We study numerically how the neuronal dendrite tree structure can affect the diffusion magnetic resonance imaging (dMRI) signal in brain tissue. For a large set of randomly generated dendrite trees, synthetic dMRI signals are computed and fitted to a cylinder model to estimate the effective longitudinal diffusivity DL in the direction of neurites. When the dendrite branches are short compared to the diffusion length, DL depends significantly on the ratio between the average branch length and the diffusion length. In turn, DL has very weak dependence on the distribution of branch lengths and orientations of a dendrite tree, and the number of branches per node. We conclude that the cylinder model which ignores the connectivity of the dendrite tree can still be adapted to describe the apparent diffusion coefficient in brain tissue.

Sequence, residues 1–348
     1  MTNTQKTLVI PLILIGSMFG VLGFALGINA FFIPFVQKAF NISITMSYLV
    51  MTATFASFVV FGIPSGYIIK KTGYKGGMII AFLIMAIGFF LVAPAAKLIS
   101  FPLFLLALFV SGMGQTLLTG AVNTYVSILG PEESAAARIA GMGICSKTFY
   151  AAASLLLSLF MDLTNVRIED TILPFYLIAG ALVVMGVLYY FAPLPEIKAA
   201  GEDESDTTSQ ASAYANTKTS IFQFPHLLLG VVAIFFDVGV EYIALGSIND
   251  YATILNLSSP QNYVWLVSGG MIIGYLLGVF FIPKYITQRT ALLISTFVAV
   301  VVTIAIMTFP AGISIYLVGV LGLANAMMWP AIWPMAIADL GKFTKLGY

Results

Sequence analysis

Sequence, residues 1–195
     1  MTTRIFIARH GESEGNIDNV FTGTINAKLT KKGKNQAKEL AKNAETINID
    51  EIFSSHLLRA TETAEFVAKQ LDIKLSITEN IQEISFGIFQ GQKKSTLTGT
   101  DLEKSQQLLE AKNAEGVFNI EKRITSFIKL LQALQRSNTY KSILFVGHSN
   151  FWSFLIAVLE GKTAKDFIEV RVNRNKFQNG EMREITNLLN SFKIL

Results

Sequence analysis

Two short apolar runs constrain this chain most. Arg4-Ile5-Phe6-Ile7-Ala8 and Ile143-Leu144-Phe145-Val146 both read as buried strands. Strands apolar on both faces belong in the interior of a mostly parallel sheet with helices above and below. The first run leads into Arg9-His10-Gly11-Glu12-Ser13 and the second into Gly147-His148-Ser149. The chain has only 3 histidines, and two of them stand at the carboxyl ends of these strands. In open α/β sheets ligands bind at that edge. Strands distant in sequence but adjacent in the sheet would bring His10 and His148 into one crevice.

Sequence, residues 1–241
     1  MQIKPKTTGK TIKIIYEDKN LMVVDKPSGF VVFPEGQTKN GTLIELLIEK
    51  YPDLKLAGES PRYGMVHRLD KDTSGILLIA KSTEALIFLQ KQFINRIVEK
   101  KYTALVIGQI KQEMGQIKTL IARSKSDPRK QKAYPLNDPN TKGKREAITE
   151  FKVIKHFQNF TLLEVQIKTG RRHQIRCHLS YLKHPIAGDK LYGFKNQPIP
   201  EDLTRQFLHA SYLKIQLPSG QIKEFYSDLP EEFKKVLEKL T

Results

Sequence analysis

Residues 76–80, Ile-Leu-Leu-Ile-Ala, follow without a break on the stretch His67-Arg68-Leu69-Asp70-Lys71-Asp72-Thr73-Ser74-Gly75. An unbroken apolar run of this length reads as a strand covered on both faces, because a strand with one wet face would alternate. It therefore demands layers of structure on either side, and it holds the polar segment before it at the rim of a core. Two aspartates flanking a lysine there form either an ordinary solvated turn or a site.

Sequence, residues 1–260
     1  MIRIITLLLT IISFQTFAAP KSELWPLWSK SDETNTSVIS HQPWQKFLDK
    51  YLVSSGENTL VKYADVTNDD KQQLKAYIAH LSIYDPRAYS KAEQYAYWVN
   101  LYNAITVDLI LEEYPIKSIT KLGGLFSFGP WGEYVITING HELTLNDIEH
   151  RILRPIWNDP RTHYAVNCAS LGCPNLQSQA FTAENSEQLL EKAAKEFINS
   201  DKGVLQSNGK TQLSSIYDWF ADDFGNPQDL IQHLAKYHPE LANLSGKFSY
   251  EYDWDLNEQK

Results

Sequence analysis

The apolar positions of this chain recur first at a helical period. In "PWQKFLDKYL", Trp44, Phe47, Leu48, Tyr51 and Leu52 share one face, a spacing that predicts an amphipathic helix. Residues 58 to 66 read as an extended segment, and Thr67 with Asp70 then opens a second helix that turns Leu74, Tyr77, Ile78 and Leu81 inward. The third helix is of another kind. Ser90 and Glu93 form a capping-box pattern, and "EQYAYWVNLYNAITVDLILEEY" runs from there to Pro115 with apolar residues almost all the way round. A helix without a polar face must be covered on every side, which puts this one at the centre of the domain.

Place, publisher, year, edition, pages
Academic Press, 2015
Keywords
Diffusion MRI, Cylinder model, Neurites, Dendrite trees
National Category
Biochemistry and Molecular Biology
Research subject
Applied and Computational Mathematics
Identifiers
urn:nbn:se:kth:diva-225140 (URN)10.1016/j.jmr.2015.01.008 (DOI)000352757200012 ()2-s2.0-84922745790 (Scopus ID)
Note

QC 20180403

Available from: 2018-03-31 Created: 2018-03-31 Last updated: 2019-02-14Bibliographically approved
Nguyen, H. T., Grebenkov, D., Nguyen, V. D., Poupon, C., Le Bihan, D. & Li, J.-R. (2015). Parameter estimation using macroscopic diffusion MRI signal models. Physics in Medicine and Biology, 60(8), 3389-3413